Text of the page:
What is Open Government?
There are many different definitions. From “A Glossary of UK Government and Politics”:
The relatively unconstrained flow of information about government to the general public, the media and representative bodies. Open government is relative, not absolute.
From “The Blackwell Dictionary of Political Science”:
Government whose policy-making and decisions are open to inspection at any time.
From a less likely source but maybe closer to the real the “real politique” from the “ fictional” BBC Series “Yes Minister” In the words of Sir Humphrey Appleby the permanent secretary-
‘Open government is a contradiction in terms. You can be open, or you can have government’.
The challenge of balance
Proponents of greater freedom suggest that some relaxation of the tight controls on the supply of information would benefit good government. Excessive secrecy is said to undermine faith in the authority and fairness of government, fuelling suspicions that there is much inefficiency, waste or corruption going on behind the scenes. The more policies and their implications are fully unveiled and debated, the more likelihood there is of good decisions being made. Moreover, greater openness would act as a restraint upon ministers and officials, who would learn their decisions have to be capable of convincing justification.
Opponents believe that open government makes government more difficult to conduct, slowing down decision-making. Furthermore, to reveal documents or evidence that provided honest and candid advice for ministers would be against the public interest, discouraging officials from speaking freely. The challenge is to square this circle.
Ireland and Open Government:
Various pieces of legislation have improved public access to information in Ireland in recent years. There have also been some restricting legalisation inserted. The Data Protection Act 1988 gave individuals more control over their personal data held by public bodies.
The Freedom of Information Act 1997 also made it clear that individuals can access personal information held by public bodies and correct any errors. In addition the legislation allowed for non-personal information requests to be made, which had the potential to give people access to information about policy-making.
The Freedom of Information Act 2003 introduced fees for non-personal requests and also reduced the scope for the release of information relevant to policy, as it made certain categories of information automatically exempt, which had been previously available ( such as advice given to Ministers). However this has generally seen as been a restive piece of legislation in the context of the 2003 act. The new government are proposing an effective repeal of this act and a very wide extension of the 1997 act to ensure that more public bodies are included within it.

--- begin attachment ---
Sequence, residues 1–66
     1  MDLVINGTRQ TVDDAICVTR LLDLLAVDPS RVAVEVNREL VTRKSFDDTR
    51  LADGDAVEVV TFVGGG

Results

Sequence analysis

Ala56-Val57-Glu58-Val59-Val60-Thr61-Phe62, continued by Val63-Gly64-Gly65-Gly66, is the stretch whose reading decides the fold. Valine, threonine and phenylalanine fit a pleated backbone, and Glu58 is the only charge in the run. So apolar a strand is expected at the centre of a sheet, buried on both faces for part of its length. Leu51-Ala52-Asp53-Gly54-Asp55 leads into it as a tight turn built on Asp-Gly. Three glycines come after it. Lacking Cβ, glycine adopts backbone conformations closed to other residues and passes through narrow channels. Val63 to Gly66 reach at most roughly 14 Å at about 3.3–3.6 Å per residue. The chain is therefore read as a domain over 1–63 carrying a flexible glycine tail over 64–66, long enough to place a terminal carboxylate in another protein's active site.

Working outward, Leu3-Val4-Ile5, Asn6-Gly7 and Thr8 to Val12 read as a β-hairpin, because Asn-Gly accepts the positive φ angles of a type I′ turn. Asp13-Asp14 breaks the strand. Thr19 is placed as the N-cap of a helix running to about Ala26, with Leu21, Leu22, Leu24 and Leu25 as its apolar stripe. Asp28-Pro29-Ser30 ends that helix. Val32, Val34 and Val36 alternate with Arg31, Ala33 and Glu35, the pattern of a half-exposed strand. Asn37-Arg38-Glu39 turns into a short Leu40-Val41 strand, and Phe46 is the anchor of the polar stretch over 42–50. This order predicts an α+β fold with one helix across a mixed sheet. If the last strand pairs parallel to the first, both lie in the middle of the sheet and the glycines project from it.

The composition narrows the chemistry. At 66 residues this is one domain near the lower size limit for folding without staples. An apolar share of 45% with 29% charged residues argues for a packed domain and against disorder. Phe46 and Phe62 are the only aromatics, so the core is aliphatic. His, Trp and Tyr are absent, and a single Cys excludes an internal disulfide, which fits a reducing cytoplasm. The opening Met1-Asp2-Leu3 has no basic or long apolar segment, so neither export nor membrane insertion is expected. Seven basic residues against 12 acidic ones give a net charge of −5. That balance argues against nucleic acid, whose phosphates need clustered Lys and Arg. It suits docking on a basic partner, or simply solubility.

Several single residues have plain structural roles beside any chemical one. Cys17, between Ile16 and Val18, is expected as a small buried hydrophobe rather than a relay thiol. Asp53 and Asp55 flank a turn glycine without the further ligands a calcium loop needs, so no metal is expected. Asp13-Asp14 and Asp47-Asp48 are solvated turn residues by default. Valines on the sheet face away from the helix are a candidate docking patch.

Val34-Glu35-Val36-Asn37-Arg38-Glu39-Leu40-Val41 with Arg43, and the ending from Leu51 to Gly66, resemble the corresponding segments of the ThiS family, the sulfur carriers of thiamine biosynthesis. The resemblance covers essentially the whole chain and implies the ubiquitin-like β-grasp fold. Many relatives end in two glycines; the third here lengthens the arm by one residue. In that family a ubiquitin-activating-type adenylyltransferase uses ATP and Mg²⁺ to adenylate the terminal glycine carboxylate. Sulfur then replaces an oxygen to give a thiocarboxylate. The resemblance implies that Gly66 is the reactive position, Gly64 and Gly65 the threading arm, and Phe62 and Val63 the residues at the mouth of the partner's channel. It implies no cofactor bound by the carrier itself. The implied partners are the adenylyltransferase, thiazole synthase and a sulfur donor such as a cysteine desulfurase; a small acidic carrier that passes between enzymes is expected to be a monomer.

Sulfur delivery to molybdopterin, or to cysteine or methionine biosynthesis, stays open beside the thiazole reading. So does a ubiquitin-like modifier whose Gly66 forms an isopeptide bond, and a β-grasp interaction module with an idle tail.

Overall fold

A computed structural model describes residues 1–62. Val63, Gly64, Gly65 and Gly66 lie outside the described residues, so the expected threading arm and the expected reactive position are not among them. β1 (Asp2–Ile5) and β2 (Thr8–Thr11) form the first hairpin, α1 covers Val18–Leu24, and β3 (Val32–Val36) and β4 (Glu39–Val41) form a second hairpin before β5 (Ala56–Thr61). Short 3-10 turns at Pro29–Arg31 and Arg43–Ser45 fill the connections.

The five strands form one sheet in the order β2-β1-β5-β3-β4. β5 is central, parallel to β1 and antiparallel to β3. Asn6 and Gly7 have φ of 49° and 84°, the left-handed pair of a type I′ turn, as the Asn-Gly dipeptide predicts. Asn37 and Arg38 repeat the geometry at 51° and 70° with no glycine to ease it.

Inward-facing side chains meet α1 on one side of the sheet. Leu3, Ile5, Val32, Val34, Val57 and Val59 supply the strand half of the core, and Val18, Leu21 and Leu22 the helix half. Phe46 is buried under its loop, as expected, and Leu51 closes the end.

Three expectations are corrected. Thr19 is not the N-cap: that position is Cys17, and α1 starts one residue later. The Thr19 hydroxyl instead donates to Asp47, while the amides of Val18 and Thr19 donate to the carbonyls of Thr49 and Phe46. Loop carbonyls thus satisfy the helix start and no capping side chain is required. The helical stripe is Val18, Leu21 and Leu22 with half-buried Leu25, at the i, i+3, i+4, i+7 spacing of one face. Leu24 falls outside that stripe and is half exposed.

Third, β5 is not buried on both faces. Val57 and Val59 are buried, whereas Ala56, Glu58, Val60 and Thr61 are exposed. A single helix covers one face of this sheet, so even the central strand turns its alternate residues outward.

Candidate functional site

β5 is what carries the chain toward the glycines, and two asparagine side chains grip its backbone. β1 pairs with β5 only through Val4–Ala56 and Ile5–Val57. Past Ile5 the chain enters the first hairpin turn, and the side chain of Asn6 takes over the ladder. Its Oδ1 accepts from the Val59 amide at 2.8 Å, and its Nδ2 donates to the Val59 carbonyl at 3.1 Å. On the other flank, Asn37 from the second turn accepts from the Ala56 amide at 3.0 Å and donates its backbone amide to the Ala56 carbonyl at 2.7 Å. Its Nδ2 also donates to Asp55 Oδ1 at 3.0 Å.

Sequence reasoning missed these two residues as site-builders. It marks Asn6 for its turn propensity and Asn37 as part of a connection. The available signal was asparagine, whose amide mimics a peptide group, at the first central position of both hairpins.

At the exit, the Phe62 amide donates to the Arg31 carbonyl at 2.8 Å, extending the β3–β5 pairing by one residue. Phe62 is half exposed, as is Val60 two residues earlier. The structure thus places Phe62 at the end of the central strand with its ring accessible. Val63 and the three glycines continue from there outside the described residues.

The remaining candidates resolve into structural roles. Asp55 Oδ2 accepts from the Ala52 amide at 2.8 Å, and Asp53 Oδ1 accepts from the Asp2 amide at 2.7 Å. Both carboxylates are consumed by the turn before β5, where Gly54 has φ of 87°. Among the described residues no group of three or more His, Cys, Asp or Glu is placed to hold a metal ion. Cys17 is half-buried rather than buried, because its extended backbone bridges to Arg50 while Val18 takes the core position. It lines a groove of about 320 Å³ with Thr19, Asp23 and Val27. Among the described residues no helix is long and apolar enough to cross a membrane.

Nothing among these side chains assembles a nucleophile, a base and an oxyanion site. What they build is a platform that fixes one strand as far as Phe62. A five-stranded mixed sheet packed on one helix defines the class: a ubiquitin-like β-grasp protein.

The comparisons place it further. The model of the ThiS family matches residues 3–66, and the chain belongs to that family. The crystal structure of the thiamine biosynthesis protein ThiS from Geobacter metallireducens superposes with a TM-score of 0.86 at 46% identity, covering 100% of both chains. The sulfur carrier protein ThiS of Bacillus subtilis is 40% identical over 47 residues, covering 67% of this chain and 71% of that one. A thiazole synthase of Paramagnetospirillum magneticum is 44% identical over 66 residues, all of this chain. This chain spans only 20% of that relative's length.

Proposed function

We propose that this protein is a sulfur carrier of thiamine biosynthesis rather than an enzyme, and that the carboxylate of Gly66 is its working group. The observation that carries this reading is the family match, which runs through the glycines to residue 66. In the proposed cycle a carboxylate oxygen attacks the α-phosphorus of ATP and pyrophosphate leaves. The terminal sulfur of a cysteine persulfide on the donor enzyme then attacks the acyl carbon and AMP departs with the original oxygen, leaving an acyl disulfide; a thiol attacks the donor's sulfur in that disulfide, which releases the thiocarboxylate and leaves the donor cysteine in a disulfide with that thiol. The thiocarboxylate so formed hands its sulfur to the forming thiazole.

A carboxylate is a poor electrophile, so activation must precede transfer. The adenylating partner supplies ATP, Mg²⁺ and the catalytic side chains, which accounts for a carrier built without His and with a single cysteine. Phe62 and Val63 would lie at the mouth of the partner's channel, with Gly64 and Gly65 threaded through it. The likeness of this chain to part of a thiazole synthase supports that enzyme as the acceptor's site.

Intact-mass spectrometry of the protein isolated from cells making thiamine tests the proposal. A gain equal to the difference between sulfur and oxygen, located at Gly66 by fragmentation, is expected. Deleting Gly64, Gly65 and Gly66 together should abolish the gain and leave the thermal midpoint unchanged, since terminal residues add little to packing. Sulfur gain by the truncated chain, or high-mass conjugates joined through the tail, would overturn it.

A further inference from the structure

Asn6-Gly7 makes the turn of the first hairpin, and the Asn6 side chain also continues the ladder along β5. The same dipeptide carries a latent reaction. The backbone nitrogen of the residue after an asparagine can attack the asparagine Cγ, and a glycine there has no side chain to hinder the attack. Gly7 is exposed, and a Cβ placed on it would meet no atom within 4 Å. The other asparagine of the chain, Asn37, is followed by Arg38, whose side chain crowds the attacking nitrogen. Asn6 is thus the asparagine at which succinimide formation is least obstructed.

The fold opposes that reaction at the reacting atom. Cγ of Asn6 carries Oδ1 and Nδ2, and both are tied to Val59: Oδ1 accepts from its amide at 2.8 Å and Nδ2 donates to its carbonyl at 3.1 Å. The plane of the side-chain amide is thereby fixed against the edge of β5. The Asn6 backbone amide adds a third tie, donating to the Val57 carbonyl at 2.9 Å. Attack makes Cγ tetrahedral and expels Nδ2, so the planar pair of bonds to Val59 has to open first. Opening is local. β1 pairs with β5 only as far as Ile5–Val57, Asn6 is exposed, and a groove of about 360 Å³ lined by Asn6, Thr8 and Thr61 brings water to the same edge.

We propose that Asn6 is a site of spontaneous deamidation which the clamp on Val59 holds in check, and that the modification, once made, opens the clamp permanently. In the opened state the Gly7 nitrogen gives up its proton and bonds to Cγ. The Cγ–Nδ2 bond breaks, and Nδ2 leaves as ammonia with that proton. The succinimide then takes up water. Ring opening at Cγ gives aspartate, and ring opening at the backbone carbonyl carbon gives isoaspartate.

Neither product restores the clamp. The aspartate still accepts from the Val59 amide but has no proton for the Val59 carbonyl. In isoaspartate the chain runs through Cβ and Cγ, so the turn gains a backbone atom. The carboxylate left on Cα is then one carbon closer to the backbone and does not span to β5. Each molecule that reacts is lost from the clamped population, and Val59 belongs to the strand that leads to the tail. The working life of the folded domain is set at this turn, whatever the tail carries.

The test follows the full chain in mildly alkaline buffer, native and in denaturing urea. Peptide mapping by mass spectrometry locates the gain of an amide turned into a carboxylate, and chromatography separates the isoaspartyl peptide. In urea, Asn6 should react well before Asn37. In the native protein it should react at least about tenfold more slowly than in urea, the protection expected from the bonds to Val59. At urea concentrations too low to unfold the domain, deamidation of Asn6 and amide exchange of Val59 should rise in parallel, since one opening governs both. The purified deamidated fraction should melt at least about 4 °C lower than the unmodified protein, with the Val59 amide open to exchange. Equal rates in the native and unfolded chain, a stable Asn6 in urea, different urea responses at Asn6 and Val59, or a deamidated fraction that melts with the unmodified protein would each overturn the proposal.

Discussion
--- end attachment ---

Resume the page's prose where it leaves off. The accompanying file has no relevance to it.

The Access to Information on the Environment Regulations in Ireland derive from a 2003 European Directive and grant access to information relevant to the environment that is held by any public body. While less well known that Freedom of Information, these regulations are important, as they affect all public bodies, where many public bodies ( such as the Central Bank, Gardai, NTMA, NAMA) and others do not come under the FOI Act.
In 1997 the notion of cabinet confidentiality was enshrined in the constitution. This is seen by many as restrictive to open government however is judged by others as essential for effective government. In addition to legislation there are a number of practical initiatives designed to improve the citizens interaction with government.
- OneGov.ie: The onegov.ie website was set up to keep people abreast of important developments across the Public Service. As part of the reform of the public service the initiative has been mainstreamed, whilst the website is now http://per.gov.ie/ which is the website for the new Department of Public Expenditure and Reform the OneGov newsletters are available on this website http://per.gov.ie/onegov-newsletter/. One Year Progress Report.
- Taoiseachs (Prime Ministers)Awards: The Awards were first launched in 2004 and are held every two years to recognise and reward examples of excellence in the delivery of public services and/or administration, by public servants. The purpose of the Awards is to seek out improvements and innovative activities from the Public Service Applications are invited from public servants who have initiated or designed one or more of the following: